We met four beautiful pups who are currently being looked after by the Sanctuary - grey seals pup in winter, and the young stay with their mothers for a short three weeks before they’re off fending for themselves.
They are born with white fur, and as they grow they shed their baby fluff to become mottled shades of grey by the time they leave their mums.
I’ve been to see the baby seals on the beaches at Donna Nook (an incredible place to visit!) so I’d seen the little white seals that look like hot water bottle cases at first, before they start drinking the very high fat milk and quickly turn into velvety rugby balls!
The seals we met and drew were all in need of a bit of TLC and to gain some weight before they will be re-released back into the wild.
Brilliantly, of all the seals the sanctuary take in, it’s incredibly rare that they aren’t able to get them back on their flippers and out into the seas again - there are only a couple of grey seals that have had to stay at the centre as long term residents.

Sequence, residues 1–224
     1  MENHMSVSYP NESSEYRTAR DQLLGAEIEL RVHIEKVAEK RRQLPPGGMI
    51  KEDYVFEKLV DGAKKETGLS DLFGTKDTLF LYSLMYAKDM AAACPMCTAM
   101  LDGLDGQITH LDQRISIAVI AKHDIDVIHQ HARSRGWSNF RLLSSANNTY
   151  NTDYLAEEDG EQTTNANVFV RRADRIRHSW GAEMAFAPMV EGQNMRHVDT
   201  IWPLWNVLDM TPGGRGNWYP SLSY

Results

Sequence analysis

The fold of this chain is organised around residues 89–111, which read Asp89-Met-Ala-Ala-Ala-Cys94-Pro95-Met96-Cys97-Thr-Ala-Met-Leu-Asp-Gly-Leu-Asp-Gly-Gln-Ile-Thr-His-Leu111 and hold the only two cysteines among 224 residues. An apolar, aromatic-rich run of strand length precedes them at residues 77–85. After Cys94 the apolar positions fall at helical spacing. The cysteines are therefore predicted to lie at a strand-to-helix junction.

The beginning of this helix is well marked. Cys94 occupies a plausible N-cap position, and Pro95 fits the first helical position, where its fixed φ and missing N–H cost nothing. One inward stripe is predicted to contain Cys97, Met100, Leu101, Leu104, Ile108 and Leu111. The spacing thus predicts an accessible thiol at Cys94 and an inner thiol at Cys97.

The sanctuary helps the pups learn how to seal, before sending them off well-fed and well-prepared for life in the wild.
The seals woo-ed and wah-ed, their eerie sounds echoing around the rescue centre as we met each one and learned a bit more about their stories. I quickly sketched and drew as the seals moved around and ate some fish. It was a lovely way to watch and tune into these powerful little beings
Males are darker and females are lighter grey, often with a two-tone colouration. The mottled marks on their backs are unique, and one of the ways you can identify and recognise individual seals.
Here are some of my sketches from the morning…
Sapphire, a young male who liked to sit on his flippers to keep them warm
Verity, a young female, much lighter in colour
Squid, a very young seal who still has his baby fur
Tikey, a young male with a beautiful dark velvety coat